There are however some rules of thumb that you can use that serve the majority of boaters.
The type of anchor most popular today is the Danforth. This is an excellent all around anchor, but does not hold well in the grass that is found in many areas in San Diego. If there is a change in wind or tide direction, there can be a problem in holding.
My personal choice is a Bruce anchor and/or a Northill. These have served me well in all sorts of bottoms and weather conditions.
I always carry two anchors. For large boats with plenty of room on the bow, the Plow anchor is very popular, especially for cruisers. Chandleries have excellent charts showing the proper weight for the size of your boat.
The real key to an anchor is carrying the amount of chain that will hold it in the proper position on the bottom. The rule of thumb here is that you should at least carry an amount of chain equal to the length of your boat. Some boats use all chain, but with the price of fuel, this can be a lot of extra weight and for normal cruising is overkill.
The amount of rode is also critical. Rode is the amount of line you play out depending on the depth at which you are anchoring. The books say you should have a scope of about 7 X 1, meaning in ten feet of water you should have seventy feet of nylon line out. Of course if you did this in Glorietta Bay, you would wipe out most of the boats already at anchor.
The most practical way of determining how much line to put out is to ask other anchored boats in the area how much they have out. That way you won't be playing "bumper boats". I usually put out 3 to 4 times the high water depth, using the chart and tide tables, and then keep a close eye out for at least a couple of hours.
The question of using bow and stern anchors comes up occasionally and again it depends on what other boats in the area are doing. If you use fore and aft anchors, you will stay in the same position but if other boaters are on a single anchor, they will swing depending upon the wind, tide or current. Back to "bumper boats".
Anchoring is a lot of fun and very relaxing but it does require a little practice to get good at it.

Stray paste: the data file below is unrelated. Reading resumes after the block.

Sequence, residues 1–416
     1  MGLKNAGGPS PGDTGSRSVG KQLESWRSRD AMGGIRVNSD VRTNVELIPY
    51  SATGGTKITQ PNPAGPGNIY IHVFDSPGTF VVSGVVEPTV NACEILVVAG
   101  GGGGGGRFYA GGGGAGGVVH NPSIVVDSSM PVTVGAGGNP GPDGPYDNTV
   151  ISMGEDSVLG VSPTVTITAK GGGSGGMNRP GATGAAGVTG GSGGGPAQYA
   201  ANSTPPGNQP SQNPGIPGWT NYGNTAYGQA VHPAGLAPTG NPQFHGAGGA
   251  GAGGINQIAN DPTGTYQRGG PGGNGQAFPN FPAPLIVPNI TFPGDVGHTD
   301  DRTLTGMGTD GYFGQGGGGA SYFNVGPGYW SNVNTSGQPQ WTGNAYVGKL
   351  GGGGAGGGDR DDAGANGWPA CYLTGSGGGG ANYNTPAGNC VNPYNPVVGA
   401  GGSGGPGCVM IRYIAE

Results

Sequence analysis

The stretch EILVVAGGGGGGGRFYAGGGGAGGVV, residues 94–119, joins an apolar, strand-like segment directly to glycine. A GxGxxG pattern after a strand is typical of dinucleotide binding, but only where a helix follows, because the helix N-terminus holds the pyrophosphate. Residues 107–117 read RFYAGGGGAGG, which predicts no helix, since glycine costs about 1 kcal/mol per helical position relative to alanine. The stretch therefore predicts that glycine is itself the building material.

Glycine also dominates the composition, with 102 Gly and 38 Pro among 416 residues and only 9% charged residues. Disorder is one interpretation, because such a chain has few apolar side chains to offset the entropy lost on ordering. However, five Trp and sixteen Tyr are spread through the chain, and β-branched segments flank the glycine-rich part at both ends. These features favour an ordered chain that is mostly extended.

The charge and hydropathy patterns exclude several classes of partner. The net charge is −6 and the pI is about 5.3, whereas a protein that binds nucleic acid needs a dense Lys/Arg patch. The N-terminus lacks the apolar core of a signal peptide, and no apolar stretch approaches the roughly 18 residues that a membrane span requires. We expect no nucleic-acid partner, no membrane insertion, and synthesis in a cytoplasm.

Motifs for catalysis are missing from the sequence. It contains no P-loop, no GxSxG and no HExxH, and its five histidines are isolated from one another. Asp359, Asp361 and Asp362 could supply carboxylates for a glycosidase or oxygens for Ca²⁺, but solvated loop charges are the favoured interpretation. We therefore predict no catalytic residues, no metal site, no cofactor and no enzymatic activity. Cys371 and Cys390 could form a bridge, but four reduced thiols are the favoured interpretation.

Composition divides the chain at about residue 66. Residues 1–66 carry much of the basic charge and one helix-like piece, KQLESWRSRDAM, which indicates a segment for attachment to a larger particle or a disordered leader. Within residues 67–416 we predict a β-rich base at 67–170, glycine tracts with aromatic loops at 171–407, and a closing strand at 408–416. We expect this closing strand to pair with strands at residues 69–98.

Bob Simons has been in the Coast Guard Auxiliary for over thirty years. He teaches classes in Boating Safety & Seamanship as well as Basic and Advanced Coastal Navigation. Bob is also the co-developer of the Sirius Signal S-O-S light and co-owner of Seabreeze Books and Charts
||Captain Kevin's Corner - Getting Boarded for a U.S. Coast Guard Safety Inspection; Not If, But When!
- by Captain Kevin Dammeyer
In last month's newsletter, I wrote from a broker's perspective touching lightly on the subject of boat surveys. This month, I would like to switch hats and share with you some information coming more from a Captain's perspective.
It's always important to have the required safety equipment aboard before you leave the dock, and it's equally important to have the "right stuff" if you get boarded by the Coast Guard for inspection.
So this month I thought I'd review a list of the most important items boaters need to have on board, and I've included specific information on each item. It is my recommendation these items be checked on a regular basis by including them as part of the regular pre-underway inspection.
1. Life Jackets: There must be a Type I, II, III, or V, life jacket or vest available for each and every passenger on board. Life jackets must be readily accessible, not stowed in plastic bags or locked in closed compartments or have other gear stowed on top of them. Children 12 years and younger must wear an appropriate life jacket at all times unless they are below decks or in an enclosed cabin. Life jackets are generally labeled "Infant", "Child", "Youth" or "Adult" and pertain to the weight of the individual as follows:
a. Infant = 0-30 lbs.
b. Child = 30-50 lbs.
c. Youth = 50-90 lbs.
d. Adult = more than 90 lbs.
2. Type IV Throwable Device: Boats 16 feet in length or greater must have at least one Type IV throwable device (Type IV throwable ring or Type IV throwable cushion) on board, visible and ready to use at all times while underway.
3. Distress Signals/Flares: (Check the signal/flare expiration dates); Boats 16 feet in length or greater must have: One orange distress flag along with one electric distress light or- Three hand-held or floating orange smoke signals along with one electric distress light or- Three combination day/night red flares (hand held, meteor or parachute type).
4. Fire Extinguishers: All required hand-held fire extinguishers need to be securely mounted in an accessible area. The number and type of hand-held fire extinguisher(s) required to be on board is determined by the size of the vessel and if the vessel has a USCG approved fire extinguisher system installed for protection of the engine compartment then the required number may be reduced.
5. Vessel Documentation: If your vessel is USCG documented, it is required to have a current and original (not a photo copy) U.S. Coast Guard Certificate of Documentation on board at all times. Also, it is a requirement that the official number be permanently affixed in block-type Arabic numerals not less than 3" in height, preceded by the letters "NO" on some clearly visible interior integral structural part of the vessel.